Science.gov (United States)

    Peters, David H; Noor, Ayan Ahmed; Singh, Lakhwinder P; Kakar, Faizullah K; Hansen, Peter M; Burnham, Gilbert

    2007-02-01

    The Ministry of Public Health (MOPH) in Afghanistan has developed a balanced scorecard (BSC) to regularly monitor the progress of its strategy to deliver a basic package of health services. Although frequently used in other health-care settings, this represents the first time that the BSC has been employed in a developing country. The BSC was designed via a collaborative process focusing on translating the vision and mission of the MOPH into 29 core indicators and benchmarks representing six different domains of health services, together with two composite measures of performance. In the absence of a routine health information system, the 2004 BSC for Afghanistan was derived from a stratified random sample of 617 health facilities, 5719 observations of patient-provider interactions, and interviews with 5597 patients, 1553 health workers, and 13,843 households. Nationally, health services were found to be reaching more of the poor than the less-poor population, and providing for more women than men, both key concerns of the government. However, serious deficiencies were found in five domains, and particularly in counselling patients, providing delivery care during childbirth, monitoring tuberculosis treatment, placing staff and equipment, and establishing functional village health councils. The BSC also identified wide variations in performance across provinces; no province performed better than the others across all domains. The innovative adaptation of the BSC in Afghanistan has provided a useful tool to summarize the multidimensional nature of health-services performance, and is enabling managers to benchmark performance and identify strengths and weaknesses in the Afghan context.

  18. Workforce: Montana

    Science.gov (United States)

    Western Interstate Commission for Higher Education, 2006

    2006-01-01

    Employment in Montana (including hourly and salaried jobs and self-employment) is projected to grow by 17 percent from 2002 to 2012, adding over 96,000 new jobs to the state's economy and growing the workforce from 554,456 to 651,135. The rate of growth is higher than the 15 percent increase projected for the nation as a whole. Growth will occur…

  19. Challenges and strategies for determining workforce requirements in plastic surgery

    Science.gov (United States)

    Cheung, Kevin; Sweetman, Arthur; Thoma, Achilleas

    2012-01-01

    BACKGROUND: Accurate projections of the future plastic surgeon workforce are essential to provide a high standard of care and to properly allocate scarce health care resources. This is not a straightforward task. Longstanding concerns over physician surpluses have been replaced by fears of physician shortages. METHODS: A review of previous efforts to predict future plastic surgeon workforce requirements highlights the challenges associated with deriving a solution. Physician workforce is dependent on numerous factors, including both physician-supply factors, such as practice patterns and age, and population-demand factors including disease burden and socioeconomic factors. Factors unique to plastic surgery, such as overlap with other specialties and performance of uninsured services, must also be considered. Previous strategies from other areas of medicine are described with associated strengths and weaknesses. These strategies include needs- and demand-based approaches, economic analysis and benchmarking. Finally, the need for appropriate outcomes from which to assess adequacy of physician supply is discussed. CONCLUSIONS: Projections of future plastic surgeon workforce requirements must not only consider a multitude of physician supply and population demand factors, but also factors unique to plastic surgery. Future strategies to predict workforce requirements should balance the strengths and weaknesses of each approach with the data and outcomes available in plastic surgery. PMID:24294019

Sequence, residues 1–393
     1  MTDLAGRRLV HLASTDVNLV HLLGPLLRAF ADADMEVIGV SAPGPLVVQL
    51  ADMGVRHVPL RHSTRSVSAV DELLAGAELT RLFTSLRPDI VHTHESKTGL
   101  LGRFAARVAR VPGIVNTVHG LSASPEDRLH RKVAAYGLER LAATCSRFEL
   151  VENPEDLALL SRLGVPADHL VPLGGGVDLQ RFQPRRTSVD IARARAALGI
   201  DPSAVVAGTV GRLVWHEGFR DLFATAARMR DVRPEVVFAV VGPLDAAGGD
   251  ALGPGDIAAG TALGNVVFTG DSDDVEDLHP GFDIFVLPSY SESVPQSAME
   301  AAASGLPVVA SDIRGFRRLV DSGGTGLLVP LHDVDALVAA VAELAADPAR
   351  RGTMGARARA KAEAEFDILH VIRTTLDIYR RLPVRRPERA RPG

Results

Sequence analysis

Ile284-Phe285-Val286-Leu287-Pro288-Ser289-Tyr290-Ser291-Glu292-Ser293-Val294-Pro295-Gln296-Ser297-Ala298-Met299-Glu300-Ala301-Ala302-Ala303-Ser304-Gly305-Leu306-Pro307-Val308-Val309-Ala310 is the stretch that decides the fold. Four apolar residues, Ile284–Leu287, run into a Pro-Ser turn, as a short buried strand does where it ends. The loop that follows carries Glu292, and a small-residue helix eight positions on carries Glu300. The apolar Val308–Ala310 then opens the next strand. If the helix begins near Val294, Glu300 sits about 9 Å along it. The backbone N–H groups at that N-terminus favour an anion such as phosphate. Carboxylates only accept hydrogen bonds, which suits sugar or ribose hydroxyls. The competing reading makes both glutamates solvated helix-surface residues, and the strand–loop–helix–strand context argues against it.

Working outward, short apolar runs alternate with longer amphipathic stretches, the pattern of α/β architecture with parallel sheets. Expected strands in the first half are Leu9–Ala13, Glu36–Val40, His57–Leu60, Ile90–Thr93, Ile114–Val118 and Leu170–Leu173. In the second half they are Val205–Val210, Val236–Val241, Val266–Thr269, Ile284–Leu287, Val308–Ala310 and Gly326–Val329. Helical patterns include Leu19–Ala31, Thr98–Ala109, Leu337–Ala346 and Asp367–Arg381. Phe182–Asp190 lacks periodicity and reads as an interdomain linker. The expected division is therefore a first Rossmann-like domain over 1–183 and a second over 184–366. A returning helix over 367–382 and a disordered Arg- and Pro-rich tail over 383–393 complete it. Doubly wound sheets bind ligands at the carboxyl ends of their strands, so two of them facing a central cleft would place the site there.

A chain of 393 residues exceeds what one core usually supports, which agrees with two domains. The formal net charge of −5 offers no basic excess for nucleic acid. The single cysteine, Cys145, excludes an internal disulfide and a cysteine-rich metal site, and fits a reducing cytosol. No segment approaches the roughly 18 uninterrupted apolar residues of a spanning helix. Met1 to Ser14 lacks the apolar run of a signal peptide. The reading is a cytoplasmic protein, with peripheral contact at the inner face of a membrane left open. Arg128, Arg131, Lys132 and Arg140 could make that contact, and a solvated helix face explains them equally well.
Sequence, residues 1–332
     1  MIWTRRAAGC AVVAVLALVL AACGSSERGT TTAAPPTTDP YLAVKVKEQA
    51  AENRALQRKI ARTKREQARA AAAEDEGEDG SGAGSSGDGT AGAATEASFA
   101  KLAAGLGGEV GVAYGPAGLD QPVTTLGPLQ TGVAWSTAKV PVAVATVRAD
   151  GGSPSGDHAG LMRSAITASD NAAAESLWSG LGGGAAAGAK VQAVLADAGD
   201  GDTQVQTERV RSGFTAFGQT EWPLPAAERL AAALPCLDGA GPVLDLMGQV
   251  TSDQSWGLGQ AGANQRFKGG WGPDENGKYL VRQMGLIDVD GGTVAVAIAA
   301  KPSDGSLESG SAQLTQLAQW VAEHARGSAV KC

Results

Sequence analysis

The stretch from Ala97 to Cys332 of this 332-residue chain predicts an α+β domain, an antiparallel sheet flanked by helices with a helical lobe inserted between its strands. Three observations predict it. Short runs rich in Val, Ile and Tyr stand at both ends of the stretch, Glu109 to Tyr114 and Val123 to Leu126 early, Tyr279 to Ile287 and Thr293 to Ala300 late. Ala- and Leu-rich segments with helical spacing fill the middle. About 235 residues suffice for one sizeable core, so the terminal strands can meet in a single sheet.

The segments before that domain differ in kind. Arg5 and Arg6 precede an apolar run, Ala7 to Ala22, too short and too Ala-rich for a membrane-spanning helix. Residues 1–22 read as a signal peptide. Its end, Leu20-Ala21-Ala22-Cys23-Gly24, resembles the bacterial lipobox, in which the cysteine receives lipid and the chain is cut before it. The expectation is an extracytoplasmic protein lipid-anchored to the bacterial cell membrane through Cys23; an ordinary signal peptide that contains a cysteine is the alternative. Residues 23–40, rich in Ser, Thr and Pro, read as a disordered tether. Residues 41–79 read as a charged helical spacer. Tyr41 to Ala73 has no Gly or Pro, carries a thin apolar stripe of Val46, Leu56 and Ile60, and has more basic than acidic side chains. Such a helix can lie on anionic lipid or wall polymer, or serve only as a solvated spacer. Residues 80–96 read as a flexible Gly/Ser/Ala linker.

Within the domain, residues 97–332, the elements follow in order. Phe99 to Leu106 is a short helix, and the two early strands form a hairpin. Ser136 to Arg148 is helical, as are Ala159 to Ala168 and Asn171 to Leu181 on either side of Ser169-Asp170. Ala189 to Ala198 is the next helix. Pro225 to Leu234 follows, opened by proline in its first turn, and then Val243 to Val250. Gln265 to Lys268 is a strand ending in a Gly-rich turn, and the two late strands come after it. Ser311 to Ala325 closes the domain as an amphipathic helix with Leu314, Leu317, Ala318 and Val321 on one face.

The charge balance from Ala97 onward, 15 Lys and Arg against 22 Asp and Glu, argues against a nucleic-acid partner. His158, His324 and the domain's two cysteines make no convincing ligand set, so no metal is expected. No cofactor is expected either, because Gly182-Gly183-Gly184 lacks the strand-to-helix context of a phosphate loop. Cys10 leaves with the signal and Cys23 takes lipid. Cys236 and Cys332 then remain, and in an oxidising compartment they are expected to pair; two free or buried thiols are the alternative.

20. In the nation's compelling interest: ensuring diversity in the health-care workforce

    National Research Council Canada - National Science Library

    Smedley, Brian D; Butler, Adrienne Stith; Bristow, Lonnie R

    2004-01-01

    ... competences and with regard for appropriate balance. This study was supported by Contract No. P009518 between the National Academy of Sciences and the W.K. Kellogg Foundation. Any opinions, findings, conclusions, or recommendations expressed in this publication are those of the author(s) and do not necessarily reflect the view of the organiz...